UK listed food and drinks firms could loose over £11.2bn to fraud

The report, ‘Minimising Fraud and Maximising Value in the UK Food and Drink Sector 2014‘, which reviewed data from listed food and drink industry companies with total annual sales of more than £200bn, discovered that the food and drink industry could boost its profitability by £4.48bn by tackling fraud.

The cost of groceries could also be reduced by as much as five pence in every pound.

“Food and drink fraud is the crime in our baskets”, says Jim Gee, head of forensic and counter fraud services for PKF Littlejohn. “It results in food and drink being more expensive than it should and its reduction can significantly improve value for money.

“By cutting fraud, the price of groceries could be reduced by five pence on a loaf of bread, 11 pence on six eggs, 16 pence on a pint of beer and 28 pence on a bottle of wine. I estimate that the cost of food and drink fraud to an average household is as much as £424 over a year.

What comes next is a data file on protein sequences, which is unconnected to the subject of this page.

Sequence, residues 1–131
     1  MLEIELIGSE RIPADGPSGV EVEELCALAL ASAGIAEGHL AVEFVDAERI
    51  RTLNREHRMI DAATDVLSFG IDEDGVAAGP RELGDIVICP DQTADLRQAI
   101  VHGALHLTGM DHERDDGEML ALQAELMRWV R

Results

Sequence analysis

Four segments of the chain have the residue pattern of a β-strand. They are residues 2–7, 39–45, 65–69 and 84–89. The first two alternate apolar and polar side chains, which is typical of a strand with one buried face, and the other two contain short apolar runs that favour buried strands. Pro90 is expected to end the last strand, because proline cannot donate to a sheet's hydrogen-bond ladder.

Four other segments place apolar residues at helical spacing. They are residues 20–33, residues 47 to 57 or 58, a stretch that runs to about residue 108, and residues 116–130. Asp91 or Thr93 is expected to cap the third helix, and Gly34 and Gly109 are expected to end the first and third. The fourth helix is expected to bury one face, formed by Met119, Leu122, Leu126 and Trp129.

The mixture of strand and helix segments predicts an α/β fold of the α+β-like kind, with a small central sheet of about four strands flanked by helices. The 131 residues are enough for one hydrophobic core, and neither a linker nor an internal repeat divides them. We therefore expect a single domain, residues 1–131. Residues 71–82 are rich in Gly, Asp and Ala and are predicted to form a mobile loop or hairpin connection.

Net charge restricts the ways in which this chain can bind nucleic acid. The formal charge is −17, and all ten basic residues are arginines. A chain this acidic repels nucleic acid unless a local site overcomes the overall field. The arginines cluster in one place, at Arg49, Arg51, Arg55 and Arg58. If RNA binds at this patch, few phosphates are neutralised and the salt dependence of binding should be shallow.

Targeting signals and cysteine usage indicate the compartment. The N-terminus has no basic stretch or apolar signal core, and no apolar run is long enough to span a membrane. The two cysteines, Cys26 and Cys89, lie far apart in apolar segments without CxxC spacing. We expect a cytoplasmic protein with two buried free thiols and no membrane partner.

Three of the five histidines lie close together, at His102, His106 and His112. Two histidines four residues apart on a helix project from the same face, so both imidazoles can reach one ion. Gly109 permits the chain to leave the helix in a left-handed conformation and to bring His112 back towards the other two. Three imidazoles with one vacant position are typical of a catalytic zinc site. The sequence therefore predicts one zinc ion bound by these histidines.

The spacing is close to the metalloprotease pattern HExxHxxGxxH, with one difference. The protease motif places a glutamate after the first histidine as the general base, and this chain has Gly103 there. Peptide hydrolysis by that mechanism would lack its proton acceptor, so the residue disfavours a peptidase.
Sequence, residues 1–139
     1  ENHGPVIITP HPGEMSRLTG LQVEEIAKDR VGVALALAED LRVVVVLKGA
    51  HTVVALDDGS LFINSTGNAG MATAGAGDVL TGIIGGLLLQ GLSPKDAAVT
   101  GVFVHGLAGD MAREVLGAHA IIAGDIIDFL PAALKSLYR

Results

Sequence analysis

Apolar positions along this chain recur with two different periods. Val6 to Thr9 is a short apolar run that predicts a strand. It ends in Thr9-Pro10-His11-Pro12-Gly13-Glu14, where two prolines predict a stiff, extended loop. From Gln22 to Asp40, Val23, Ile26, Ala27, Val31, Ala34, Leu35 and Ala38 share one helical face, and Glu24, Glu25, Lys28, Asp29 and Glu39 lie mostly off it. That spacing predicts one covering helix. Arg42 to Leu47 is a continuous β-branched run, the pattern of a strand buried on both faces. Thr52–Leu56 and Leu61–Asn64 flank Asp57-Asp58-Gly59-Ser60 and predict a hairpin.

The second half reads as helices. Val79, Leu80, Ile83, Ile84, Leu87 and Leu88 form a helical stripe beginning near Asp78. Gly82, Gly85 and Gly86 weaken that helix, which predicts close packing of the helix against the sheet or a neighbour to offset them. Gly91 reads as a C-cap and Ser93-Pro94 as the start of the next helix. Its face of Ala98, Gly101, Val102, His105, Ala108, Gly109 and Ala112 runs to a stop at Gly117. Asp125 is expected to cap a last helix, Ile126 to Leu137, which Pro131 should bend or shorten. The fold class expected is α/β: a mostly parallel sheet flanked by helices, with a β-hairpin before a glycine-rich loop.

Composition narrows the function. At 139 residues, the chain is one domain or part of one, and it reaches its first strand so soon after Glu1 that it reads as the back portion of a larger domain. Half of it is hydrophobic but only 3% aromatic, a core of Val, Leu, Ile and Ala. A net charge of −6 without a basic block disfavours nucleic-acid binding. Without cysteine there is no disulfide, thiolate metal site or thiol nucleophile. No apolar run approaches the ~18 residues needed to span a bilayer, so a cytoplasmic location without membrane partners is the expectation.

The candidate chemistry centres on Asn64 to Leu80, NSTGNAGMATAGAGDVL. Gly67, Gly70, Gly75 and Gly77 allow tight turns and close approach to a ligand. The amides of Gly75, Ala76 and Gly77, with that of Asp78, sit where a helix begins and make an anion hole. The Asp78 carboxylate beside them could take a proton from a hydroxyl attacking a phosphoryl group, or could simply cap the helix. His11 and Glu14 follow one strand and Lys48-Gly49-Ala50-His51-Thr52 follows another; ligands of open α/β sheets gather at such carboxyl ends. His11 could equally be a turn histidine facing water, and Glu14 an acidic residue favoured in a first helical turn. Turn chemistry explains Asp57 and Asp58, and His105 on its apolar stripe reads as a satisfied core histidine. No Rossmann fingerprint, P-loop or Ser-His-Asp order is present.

“Like other industries, the food and drink sector is affected by fraud and is fast learning that it needs to protect itself. The good news is that addressing fraud can cut the cost of fraud by up to 40 per cent and increase profitability significantly.

“We estimate that of the 58 listed food and drink companies which reported profits, six would increase their profitability by between one and nine per cent; 31 would do so by between ten to 49 per cent; 15 would do so by between 50-99 per cent; and six companies would increase their profitability by more than 100 per cent. 

Of the 15 companies which made losses; three would make a profit not a loss; eight would reduce their losses by up to ten per cent and four by over ten per cent.”

Professor Lisa Jack, co-author of the report, claims that food fraud is always financially motivated. “On the whole, food fraud does not harm public health. It’s more that consumers and food businesses are not always getting what they pay for.

“Scientific testing and systems audits have a place but food fraud, like any other fraud, can also be tackled if you follow the money, ask the right questions and have controls in place that make fraudsters think twice before attacking your business.

“Food fraud is about more than just the food: for example, many frauds also evade duties and VAT, and so we all lose out from lost revenues.

“Margins are so tight in the food sector that almost any food can be misrepresented to get a bit of profit for a fraudster.”

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